She made him feel free, and that made him feel loyal…all anyone could say with certainty was that Jeremy and Theresa loved eachother.
He had found her on the bed. Her face seemed almost smiling. Somehow, one of her hands had traveled up toward her cheek and was frozen there, as if she had just thought of something else she wanted to say.
Blake said that Theresa was “never a person to compromise,” and that he had a “clear understanding” that she had made the decision to end her life. He said that in doing so she had exhibited the same “strength” that she had shown when she was alive…that she was “beautiful, generous, and lived by a code all her own.”
…walking naked into the water. It was the last in a series of heroic gestures he made for the lovely Theresa.”
The article in and of itself is worthy of reading–fair to both sides of the arguements, the conspiracy theorists and the paranoiads. It expresses the evolution of their lives as best as can be done from the outside looking in, but the moral of the story is best said by Blake [of his request to friends regarding Duncan's passing]: “spread no more sadness in the world.”
The Golden Suicides by Nancy Jo Sales, Vanity Fair, No 569, January 2008
Eye candy that will set the longing soul stuck behind gray fabric padded walls of a cubicle to sweet serenity, Yee’s beautiful glass bead designs are a crystal treat for the mind and an envy inspiring adornment for the body.
Yee’s glass bits of divinity may be purchased as either already custom-made pieces of jewelry or as just the beads themselves to be handcrafted into your own jewelry design settings.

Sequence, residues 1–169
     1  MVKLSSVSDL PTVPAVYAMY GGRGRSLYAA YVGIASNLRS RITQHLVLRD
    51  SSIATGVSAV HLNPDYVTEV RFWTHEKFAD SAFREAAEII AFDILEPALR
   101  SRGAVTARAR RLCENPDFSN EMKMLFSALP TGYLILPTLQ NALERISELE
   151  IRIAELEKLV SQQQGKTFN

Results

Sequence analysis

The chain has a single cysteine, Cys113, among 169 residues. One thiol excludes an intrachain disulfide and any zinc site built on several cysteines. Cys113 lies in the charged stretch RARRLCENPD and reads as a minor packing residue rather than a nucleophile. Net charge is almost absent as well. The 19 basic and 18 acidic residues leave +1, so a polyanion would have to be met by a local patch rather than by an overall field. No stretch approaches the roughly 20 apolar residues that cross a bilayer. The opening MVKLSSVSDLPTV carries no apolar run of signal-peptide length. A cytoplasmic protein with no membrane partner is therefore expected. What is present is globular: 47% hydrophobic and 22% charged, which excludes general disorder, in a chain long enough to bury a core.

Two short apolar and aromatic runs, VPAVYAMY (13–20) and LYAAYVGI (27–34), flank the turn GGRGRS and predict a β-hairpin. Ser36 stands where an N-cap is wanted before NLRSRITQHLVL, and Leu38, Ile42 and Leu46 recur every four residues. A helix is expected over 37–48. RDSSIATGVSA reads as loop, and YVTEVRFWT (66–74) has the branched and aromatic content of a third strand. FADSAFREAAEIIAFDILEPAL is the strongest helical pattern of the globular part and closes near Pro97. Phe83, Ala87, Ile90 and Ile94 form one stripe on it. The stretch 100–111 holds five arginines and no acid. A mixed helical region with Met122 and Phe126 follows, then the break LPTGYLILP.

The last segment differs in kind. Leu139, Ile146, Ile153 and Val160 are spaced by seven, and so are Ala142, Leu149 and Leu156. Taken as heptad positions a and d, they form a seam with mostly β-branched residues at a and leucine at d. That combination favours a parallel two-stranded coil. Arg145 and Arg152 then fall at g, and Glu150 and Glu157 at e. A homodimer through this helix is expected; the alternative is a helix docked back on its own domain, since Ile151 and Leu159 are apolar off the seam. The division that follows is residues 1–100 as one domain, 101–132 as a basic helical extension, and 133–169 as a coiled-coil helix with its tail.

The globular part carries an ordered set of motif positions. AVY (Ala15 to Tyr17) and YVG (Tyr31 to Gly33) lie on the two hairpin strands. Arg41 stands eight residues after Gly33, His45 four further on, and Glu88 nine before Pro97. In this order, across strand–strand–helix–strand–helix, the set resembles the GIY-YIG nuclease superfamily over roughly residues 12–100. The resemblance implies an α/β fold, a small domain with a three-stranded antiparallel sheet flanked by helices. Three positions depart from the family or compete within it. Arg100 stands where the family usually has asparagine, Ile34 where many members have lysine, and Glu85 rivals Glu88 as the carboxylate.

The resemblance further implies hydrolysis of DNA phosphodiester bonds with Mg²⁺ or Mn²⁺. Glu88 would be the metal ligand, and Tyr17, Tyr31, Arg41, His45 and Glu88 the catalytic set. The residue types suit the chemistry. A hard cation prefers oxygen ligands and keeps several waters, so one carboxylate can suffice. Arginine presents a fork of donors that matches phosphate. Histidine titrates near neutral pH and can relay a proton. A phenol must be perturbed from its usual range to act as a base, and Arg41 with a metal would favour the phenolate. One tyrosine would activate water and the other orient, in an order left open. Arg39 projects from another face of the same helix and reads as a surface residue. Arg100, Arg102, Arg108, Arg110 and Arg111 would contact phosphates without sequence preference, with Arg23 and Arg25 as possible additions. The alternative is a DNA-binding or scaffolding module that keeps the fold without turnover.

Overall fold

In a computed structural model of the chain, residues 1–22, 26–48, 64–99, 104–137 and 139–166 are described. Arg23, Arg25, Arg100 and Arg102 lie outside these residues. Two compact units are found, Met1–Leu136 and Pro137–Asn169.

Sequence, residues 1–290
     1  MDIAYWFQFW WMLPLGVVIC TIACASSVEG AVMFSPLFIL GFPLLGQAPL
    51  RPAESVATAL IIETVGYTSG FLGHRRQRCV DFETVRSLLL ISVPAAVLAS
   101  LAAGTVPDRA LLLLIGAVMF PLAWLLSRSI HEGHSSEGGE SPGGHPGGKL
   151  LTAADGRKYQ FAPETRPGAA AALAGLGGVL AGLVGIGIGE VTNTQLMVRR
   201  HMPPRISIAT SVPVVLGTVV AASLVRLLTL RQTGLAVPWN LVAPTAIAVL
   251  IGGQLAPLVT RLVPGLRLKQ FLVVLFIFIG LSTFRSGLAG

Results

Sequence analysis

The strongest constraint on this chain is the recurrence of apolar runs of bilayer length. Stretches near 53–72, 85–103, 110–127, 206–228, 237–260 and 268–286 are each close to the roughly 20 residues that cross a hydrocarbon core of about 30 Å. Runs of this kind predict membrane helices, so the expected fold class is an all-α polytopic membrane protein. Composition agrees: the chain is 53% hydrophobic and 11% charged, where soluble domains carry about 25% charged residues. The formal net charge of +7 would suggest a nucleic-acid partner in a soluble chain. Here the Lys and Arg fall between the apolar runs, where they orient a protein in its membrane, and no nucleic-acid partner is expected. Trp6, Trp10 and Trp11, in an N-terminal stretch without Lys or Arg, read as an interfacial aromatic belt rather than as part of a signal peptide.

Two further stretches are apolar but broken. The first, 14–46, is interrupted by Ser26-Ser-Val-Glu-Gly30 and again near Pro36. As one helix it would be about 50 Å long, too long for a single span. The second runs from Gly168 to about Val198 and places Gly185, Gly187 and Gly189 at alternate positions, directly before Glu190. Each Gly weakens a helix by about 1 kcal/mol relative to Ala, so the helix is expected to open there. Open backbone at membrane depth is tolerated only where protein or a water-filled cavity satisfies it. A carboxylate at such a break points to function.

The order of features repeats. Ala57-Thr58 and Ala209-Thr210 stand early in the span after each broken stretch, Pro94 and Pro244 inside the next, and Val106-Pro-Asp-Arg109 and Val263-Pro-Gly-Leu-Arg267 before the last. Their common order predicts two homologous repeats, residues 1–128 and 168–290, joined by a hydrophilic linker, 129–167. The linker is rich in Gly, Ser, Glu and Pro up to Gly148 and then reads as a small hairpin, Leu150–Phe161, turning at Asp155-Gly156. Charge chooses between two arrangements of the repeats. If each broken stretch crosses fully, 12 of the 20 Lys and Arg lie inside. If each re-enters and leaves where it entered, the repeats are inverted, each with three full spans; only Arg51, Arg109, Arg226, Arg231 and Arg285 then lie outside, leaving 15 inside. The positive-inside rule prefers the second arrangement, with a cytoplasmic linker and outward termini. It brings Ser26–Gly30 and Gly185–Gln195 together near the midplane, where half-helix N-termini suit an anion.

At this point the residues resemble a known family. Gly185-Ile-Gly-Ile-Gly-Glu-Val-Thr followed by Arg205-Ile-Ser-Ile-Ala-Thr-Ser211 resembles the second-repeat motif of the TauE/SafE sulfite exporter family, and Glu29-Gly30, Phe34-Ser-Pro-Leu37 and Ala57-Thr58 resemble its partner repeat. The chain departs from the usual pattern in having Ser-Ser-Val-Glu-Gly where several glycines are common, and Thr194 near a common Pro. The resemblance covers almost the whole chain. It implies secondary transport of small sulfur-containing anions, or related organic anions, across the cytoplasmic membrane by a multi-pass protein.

Wonder how long Gilding could go on wearing these at work before the urge to drag Mr. Gilding out to the Shaggin’ Wagon for some afternoon delight became too much to resist.
Link: The Glass Turtle
Indianapolis wood craftsman Rodney Miller spent 15 months building what might be the fastest, most elegant, indoor slide this side of the Mississippi.
The Mahogany slide is about 17 feet tall, has a 13-foot drop and a 270-degree turn, and is the frivolous lasivhment of Boston Technology’s co-founder, Scott Jones’, tudor style suburban mansion.
Elaborate pencil drawings of Princess Leia and Darth Vader that he did as a 10-year old hang on the wall of his art studio in his Brooklyn Apartment while a sketch of the angel from Da Vinci’s “Virgin of the Rocks” hangs in the hallway. All things author and illustrator Brian Selznick is apparently obsessed with–obsessed being a favorite word of Selznick’s, a trait Motoko Rich of the New York Times states, “merely describes how he feels about so many things.”